ILTF funds projects that support its mission in the recovery and retention of Indian lands with a focus on four strategic areas: Education, Cultural Awareness, Economic Opportunity and Legal Reform. We use Letter of Inquiry and Request for Proposal processes to review and support projects including:

  • Head Start & K-12 Curriculum Implementation
  • State-Wide Curriculum Initiative
  • College Course Implementation
  • College Internship
  • Strategic Lane Planning Training for Tribal Governments
  • Strategic Lane Planning Training for Landowners on an Allotment
  • Sacred Site Protection
  • Tribal Land Histories
  • Economic Analysis
  • Economic Development
  • Land Acquisition and Utilization for Economic Development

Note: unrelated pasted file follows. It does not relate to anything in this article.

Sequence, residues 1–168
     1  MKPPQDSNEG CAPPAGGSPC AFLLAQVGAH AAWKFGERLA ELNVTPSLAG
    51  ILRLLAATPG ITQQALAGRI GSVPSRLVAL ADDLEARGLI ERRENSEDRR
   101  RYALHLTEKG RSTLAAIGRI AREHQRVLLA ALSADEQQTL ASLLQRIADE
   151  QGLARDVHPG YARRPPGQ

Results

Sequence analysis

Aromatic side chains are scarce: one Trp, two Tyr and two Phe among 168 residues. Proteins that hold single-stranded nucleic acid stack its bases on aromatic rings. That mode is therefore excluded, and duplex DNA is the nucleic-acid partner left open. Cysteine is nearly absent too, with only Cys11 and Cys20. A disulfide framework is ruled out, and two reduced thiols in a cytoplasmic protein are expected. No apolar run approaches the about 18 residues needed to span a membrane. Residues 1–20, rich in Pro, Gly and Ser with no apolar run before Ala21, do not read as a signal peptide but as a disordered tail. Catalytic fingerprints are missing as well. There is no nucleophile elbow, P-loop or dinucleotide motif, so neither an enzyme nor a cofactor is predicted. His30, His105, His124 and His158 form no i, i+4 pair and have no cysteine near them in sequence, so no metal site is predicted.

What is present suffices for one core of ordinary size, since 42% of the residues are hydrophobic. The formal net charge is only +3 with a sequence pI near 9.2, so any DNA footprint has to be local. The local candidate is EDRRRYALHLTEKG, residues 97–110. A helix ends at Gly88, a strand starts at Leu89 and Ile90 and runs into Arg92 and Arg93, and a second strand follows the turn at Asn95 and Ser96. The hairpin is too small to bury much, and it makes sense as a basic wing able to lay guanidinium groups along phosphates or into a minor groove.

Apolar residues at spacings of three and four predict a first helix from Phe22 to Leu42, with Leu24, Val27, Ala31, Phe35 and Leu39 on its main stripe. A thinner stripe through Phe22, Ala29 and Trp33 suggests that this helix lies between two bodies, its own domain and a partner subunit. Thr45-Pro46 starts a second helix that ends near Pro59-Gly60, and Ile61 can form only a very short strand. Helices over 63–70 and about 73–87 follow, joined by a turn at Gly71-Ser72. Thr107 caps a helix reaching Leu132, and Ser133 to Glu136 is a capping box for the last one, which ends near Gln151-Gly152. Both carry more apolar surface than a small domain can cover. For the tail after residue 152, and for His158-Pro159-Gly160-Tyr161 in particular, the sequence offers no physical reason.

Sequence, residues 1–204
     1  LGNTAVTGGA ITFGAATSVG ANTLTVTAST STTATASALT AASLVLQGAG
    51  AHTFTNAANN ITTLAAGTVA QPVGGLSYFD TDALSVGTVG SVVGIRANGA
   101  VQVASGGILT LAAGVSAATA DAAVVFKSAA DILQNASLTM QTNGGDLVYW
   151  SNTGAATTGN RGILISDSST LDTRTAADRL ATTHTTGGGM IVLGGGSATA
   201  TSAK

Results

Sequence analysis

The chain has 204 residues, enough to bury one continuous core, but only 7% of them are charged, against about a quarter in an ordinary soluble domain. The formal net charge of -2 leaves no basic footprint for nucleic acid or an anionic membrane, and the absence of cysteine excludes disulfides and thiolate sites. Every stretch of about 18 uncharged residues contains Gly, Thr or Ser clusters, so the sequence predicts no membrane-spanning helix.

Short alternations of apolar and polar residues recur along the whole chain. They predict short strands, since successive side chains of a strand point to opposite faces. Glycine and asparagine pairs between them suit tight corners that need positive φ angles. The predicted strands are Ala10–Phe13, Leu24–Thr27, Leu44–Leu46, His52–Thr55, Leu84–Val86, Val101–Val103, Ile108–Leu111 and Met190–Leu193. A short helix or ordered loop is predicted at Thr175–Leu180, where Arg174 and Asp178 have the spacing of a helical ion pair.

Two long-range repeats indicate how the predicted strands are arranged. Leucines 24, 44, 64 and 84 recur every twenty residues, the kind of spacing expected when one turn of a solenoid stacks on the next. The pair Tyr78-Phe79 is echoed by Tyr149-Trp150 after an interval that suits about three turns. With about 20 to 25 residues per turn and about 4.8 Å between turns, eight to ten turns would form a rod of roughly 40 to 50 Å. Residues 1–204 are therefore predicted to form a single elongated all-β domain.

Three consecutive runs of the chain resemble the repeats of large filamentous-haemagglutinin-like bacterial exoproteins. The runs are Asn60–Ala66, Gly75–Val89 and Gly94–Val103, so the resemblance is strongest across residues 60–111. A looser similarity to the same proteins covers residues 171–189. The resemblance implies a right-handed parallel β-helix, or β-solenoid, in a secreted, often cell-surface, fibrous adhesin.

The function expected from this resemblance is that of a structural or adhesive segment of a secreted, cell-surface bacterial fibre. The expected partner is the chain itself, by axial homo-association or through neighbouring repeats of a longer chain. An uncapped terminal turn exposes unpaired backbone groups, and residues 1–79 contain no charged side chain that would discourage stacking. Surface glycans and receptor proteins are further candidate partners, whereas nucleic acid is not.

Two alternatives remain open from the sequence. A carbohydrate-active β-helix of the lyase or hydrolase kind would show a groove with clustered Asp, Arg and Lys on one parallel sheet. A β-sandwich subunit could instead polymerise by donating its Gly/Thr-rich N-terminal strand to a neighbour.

• Estate Planning and Probate
  • Federal Land Transfers
  • Landowner Association Development
  • Legal Land Issue Reform
  • Tribe-Hosted Information Sessions for Local, State, and Federal Governments

See our Grants page for currently open RFPs.

ILTF rarely funds unsolicited grants. Projects we may consider funding must align with our mission, encompass one or more of our strategic areas (see above) and directly benefit Native people.

The Letter of Inquiry and Request for Proposal processes are ongoing with the board of directors making final decisions at their meetings held in February, May and September. Proposals must be received two months prior to the regularly scheduled board meetings to be considered for funding. See How to Apply for the current funding request schedule.

The era of giving allotments to individual Indians ended in 1934 with passage of the Indian Reorganization Act.